A contact granuloma is a benign tissue reaction or growth, typically on the posterior third of the vocal cord, that occurs in response to injury. Contact granulomas are also known as contact ulcers, intubation granulomas, or “proud flesh.” This kind of chronically irritated tissue may be viewed as an exuberant healing response that “didn’t know when to quit.”
Sources of injury
One type of injury that may lead to a contact granuloma is injury from an endotracheal tube, as the inserted tube presses and rubs against the posterior ends of the vocal cords. Another potential source of injury is chronic, aggressive coughing or throat-clearing. Yet another potential source is undergoing surgical procedures such as laser excision of a cancer. Some also believe that irritation from acid reflux can lead to a contact granuloma. In many cases, there is no obvious cause for the original injury.
The typical location of a contact granuloma
Contact granulomas typically occur on the posterior third of the vocal cord, also known as the cartilaginous glottis. Unlike the other two-thirds of the vocal cord, this segment is inhabited by cartilage (namely, the arytenoid cartilage), and that cartilage is covered only by a relatively thin layer of perichondrium and a layer of mucosa. This thinly cushioned cartilage or perichondrium interface is particularly prone to being irritated and then responding with the exaggerated healing that produces a contact granuloma. Hence, most granulomas occur in this location.
Symptoms of a contact granuloma
Some individuals with contact granulomas have no symptoms whatsoever and only discover they have a granuloma while being examined for some other reason. Others notice a sticking or pinprick sensation, or have some sense of vague discomfort in the area of the neck radiating upward towards the angle of the jaw.
Occasionally, a person may develop a “catch” in the voice, such that it takes a second to begin speaking clearly. Very occasionally, when a bit of the granuloma detaches (see below), a person may cough up blood or a tiny piece of tissue. In general, symptoms are mild.
Treatment for a contact granuloma
Some clinicians prefer to treat contact granulomas by removing them. However, the tiny injury or wound that results often produces a recurrent granuloma.
A better approach is simply to wait for the granuloma to detach of its own accord. This process of self-detachment, which may take several months, is like an apple maturing and then dropping from the tree: the granuloma continues to grow in size, and once it becomes big enough, the back-and-forth movement of air and the displacement caused by contact with the opposite arytenoid cartilage cause the granuloma to slowly pinch inward at its base and become more and more pedunculated. Eventually, the connecting stalk can no longer support the granuloma, and the granuloma breaks free. For an example, see the photos below.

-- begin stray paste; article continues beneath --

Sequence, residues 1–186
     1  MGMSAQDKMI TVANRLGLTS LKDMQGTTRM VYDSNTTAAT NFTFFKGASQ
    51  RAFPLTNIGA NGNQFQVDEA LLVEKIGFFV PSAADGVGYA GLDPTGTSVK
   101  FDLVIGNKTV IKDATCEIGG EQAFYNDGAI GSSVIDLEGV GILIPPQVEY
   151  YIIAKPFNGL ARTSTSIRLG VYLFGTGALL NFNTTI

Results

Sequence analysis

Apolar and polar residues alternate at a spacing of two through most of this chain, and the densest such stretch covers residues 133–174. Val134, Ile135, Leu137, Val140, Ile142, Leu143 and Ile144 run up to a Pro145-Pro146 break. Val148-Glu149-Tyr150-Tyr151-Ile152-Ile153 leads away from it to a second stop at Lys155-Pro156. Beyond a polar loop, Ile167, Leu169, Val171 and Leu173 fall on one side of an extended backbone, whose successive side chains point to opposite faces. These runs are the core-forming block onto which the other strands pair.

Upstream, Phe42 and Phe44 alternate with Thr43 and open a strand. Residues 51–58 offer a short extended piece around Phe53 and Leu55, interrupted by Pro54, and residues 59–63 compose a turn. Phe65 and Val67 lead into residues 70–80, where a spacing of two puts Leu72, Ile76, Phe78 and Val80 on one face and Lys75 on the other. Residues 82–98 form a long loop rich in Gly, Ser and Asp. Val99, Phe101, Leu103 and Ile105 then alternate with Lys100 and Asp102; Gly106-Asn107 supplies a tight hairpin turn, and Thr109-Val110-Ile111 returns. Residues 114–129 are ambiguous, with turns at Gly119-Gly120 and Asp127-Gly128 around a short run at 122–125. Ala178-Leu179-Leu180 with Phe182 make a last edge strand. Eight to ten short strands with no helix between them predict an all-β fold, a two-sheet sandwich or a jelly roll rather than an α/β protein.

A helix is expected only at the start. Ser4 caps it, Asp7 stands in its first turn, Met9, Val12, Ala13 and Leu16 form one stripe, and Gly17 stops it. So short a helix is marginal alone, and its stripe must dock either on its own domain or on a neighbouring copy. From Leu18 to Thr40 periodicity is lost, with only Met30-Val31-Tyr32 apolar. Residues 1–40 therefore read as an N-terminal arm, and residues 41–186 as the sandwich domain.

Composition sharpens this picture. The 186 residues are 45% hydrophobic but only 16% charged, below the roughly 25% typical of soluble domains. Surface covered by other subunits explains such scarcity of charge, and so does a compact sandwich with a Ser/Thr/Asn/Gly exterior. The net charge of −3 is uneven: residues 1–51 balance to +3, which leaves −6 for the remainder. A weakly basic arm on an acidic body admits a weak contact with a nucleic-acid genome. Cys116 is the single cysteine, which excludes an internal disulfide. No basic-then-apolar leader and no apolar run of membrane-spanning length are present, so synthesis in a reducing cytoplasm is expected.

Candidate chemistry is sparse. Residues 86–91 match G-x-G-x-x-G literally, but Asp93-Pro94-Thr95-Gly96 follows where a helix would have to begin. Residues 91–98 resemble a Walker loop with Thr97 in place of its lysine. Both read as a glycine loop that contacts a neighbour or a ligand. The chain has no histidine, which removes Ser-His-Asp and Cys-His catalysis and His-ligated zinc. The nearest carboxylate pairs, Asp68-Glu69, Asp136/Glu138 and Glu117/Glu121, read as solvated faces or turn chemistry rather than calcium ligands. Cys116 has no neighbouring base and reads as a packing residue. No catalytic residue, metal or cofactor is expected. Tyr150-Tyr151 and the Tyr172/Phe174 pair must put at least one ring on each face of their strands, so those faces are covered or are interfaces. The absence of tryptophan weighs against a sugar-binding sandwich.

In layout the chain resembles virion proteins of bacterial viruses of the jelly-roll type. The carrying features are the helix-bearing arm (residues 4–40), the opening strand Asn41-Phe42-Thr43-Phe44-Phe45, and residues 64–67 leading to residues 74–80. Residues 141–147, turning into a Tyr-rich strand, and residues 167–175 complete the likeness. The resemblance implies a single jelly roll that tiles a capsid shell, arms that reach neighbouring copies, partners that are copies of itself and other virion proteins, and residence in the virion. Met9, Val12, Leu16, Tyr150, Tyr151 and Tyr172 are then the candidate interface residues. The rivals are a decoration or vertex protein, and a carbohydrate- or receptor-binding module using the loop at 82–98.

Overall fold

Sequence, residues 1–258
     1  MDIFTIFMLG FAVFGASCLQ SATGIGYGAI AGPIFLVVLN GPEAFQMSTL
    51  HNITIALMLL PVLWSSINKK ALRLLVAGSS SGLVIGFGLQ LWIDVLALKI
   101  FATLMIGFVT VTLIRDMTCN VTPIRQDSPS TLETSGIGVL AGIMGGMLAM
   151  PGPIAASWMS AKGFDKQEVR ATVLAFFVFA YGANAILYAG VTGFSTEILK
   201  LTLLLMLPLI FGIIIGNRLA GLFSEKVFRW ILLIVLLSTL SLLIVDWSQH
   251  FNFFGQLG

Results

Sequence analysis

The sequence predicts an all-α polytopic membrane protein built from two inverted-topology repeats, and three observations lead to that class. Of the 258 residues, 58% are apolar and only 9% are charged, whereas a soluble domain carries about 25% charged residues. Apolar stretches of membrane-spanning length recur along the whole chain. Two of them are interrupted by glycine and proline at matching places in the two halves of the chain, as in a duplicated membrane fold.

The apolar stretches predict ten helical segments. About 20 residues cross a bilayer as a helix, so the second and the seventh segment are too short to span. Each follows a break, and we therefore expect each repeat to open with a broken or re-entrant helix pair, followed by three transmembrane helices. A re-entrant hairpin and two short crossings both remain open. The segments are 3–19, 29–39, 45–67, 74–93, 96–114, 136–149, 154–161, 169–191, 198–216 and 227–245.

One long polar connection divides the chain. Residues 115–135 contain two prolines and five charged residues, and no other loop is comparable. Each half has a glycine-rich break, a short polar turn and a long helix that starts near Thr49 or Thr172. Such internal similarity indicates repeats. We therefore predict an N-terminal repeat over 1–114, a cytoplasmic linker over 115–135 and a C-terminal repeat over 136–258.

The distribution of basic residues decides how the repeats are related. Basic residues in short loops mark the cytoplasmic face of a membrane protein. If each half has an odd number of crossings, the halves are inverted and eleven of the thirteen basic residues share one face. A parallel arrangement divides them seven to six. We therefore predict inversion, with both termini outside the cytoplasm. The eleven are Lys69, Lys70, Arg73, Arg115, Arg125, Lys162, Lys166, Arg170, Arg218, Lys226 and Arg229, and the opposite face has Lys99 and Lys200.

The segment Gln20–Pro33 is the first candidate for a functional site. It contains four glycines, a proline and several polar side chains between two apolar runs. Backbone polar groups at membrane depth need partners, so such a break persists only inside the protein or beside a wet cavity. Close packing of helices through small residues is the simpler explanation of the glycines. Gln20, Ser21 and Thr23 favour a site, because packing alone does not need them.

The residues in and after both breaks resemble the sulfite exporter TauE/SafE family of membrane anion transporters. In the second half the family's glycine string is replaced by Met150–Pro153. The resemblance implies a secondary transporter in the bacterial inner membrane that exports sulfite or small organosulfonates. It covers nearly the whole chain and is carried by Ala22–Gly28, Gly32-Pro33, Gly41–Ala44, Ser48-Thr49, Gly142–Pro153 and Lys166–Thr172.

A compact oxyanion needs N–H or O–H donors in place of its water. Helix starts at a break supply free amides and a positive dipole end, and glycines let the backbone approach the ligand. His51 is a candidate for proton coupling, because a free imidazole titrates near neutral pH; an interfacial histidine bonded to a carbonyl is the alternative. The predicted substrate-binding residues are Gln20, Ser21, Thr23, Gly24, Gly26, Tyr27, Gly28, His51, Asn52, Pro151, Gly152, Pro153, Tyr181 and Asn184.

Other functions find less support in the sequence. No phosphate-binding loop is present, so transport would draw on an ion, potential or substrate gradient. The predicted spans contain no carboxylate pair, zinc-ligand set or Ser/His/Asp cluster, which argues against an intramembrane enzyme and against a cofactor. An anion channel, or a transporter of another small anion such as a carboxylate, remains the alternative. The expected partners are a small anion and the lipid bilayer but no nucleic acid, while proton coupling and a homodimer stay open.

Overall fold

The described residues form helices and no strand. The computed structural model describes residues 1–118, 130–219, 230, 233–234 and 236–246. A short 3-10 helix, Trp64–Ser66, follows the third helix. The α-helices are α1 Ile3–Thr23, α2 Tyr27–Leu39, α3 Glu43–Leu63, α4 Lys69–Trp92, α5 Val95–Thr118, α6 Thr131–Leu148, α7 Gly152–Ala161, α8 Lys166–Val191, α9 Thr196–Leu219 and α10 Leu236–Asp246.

If, however, a person’s symptoms are too troublesome to wait for months, then the granuloma can be surgically removed, but while still leaving part of the stalk or base projecting from the surface, so as to avoid re-injuring the cartilage and perichondrium, which would provoke the formation of another granuloma.
“Tongue and groove” Fit of a Bi-lobed Contact Granuloma
This man experiences momentary sharp pain when he first talks after an interval of silence. He has had a biopsy elsewhere but the lesion (a contact granuloma) has returned, as would be expected, due to re-injury of the arytenoid perichondrium.
As explained elsewhere, contact granulomas can be diagnosed by “certain” visual criteria, and be allowed to mature and detach spontaneously, with no need for removal except in unusual circumstances.
“Tattoo” of blood after detachment of intubation granuloma
Intubation Granulomas Can Be Left Alone to Mature and Spontaneously Detach
Contact Granuloma, Gradually Pedunculating and then Detaching
Contact Granuloma, “Key-in-lock Fit”
The Healing Sequence of Granulation
Vocal Cord “Tear” and Granuloma
TRI-Lobed Contact Granuloma
Contact Granuloma—Ulcer Type With Rolled Border
Evolution of Circular Tracheal Scar Including Granuloma
Granulomas Mature and Fall Off by Themselves, But Steroid Injection Can Help…
Posterior Commissure Synechiae
In this video, Dr. Bastian provides an introduction to contact granulomas.
What are the common symptoms of granulomas?
- A sticking sensation and sometimes a vague awareness that radiates to the jaw and ear.
- Voice quality is not much affected because the back of the vocal fold does not vibrate for voice*.
* Occasionally voice is altered if the granuloma becomes very large and won’t let the front part come together fully to make voice.
What is does the recovery time for granulomas look like?
Normally the granuloma does have to heal over a long period of time—many months, and sometimes a year or more.
When a granuloma enlarges from one visit to the next in one of my patients, I usually say, somewhat counterintuitively, “way to go!” That’s because as the granuloma gets bigger it also typically pinches in at the base, a process we call pedunculation. When it flips back and forth and is quite mobile, it’s ready to fall off.
Occasionally the stalk is very fibrotic and once in a great while we remove the lesion. Most of the time, however, we just wait for it to mature as described above and then fall off.
I do not suggest voice rest, but only prudence, and refraining from loud, percussive voice and aggressive throat-clearing.